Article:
Archive for ‘Commentary’

May 1, 2013

Just Because I Was In A Shower In My Music Video Doesn’t Mean You Can Objectify Me, Thanks: Sexism In Indie Rock

I’m no stranger to sexism in indie rock. The subject has been oft-written about by me for various sites that I’ve contributed to, namely the now-defunct Awe Chasm, and one I’ve had to deal with in various forms for a number of years now, being a young woman in the music industry. As a music journalist, my second interview ever walked out on me when I refused to get sexy with him, even though I was on the job. I remember the horrible feeling that accompanied the scene as it played out before me and the crushing realization I had as I drove home: Being in the music industry is one small step above prostitution. I comforted myself with the idea that, well, isn’t any job one step above prostitution? Especially as an artist, you’re being forced to sell yourself, your art, your ideas, and thus, you let others appropriate it as they see fit.

There’s a number of things glaringly wrong with that statement, namely the fact that journalism in any form should not make you feel like a whore. No job should, except for maybe prostitution itself.

In the subsequent years since that realization, I’ve seen friends, colleagues, musicians, and strangers treated similarly to how I’ve been treated and all of these groups had one thing in common, other than being in an artist’s industry. They were all female. It’s very rare that you see an article concentrating, say, on Matt Berninger’s physique, however women like Lana Del Rey and Grimes are commonly referred to as “cute” with their music being a slight afterthought.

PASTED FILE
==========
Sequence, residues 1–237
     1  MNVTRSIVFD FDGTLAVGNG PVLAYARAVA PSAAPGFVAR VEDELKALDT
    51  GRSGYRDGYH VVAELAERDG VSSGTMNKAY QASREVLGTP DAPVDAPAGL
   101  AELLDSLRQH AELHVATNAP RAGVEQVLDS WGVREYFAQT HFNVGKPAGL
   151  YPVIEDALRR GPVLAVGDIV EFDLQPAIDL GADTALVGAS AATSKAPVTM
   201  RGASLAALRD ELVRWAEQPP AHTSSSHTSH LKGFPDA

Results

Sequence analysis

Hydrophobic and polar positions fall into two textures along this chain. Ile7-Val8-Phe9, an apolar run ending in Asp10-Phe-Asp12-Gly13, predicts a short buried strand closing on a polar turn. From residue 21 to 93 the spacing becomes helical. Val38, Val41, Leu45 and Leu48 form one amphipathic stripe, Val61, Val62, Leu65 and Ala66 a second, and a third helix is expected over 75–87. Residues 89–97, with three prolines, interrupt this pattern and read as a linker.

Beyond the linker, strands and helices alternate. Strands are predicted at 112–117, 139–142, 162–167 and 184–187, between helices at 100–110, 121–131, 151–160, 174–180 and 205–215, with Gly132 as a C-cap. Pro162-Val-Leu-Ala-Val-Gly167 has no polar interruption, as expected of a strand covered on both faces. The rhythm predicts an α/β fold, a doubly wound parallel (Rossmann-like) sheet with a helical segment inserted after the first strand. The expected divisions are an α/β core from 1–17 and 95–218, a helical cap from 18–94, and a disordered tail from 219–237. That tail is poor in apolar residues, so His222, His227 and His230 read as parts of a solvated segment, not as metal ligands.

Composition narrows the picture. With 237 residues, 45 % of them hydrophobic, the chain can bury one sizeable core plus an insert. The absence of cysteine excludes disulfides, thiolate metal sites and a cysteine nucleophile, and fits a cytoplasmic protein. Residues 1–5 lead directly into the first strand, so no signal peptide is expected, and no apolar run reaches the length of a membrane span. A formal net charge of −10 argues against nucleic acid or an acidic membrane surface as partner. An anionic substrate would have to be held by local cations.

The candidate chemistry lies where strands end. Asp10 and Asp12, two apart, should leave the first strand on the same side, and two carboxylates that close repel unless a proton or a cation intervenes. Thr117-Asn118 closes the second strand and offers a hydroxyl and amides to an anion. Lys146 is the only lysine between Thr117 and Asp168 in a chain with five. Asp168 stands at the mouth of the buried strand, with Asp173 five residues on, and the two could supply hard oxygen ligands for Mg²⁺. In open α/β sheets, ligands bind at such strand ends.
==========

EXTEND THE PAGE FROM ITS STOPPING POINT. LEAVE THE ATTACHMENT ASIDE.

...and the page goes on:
It’s offensive but the fact of the matter is that it’s something I never truly grasped the complete grossness of until recently. You see, readers, I’m not just Amber Valentine, your friendly Michigan pal who likes to force her musical tastes upon unsuspecting interweb strangers. As of late, I’ve also been the gal behind Amber Valentine’s Shriveled Heart & The Skeletons Left Behind. Recently, we released a new single and an accompanying video. In the words of my bandmate, the incomparable Zunk, the vid was meant to leave the viewer feeling “a little f–ked up after watching it.” When Hearingade’s own Abby said the finished product “made me feel nauseated,” I knew I could borrow George W.’s Mission Accomplished banner, wrap myself in it like a human burrito, and sleep soundly.

See for yourself.
August 20, 2012

‘Out of the Blue’ and into my heart: How Debbie Gibson became my favorite pop star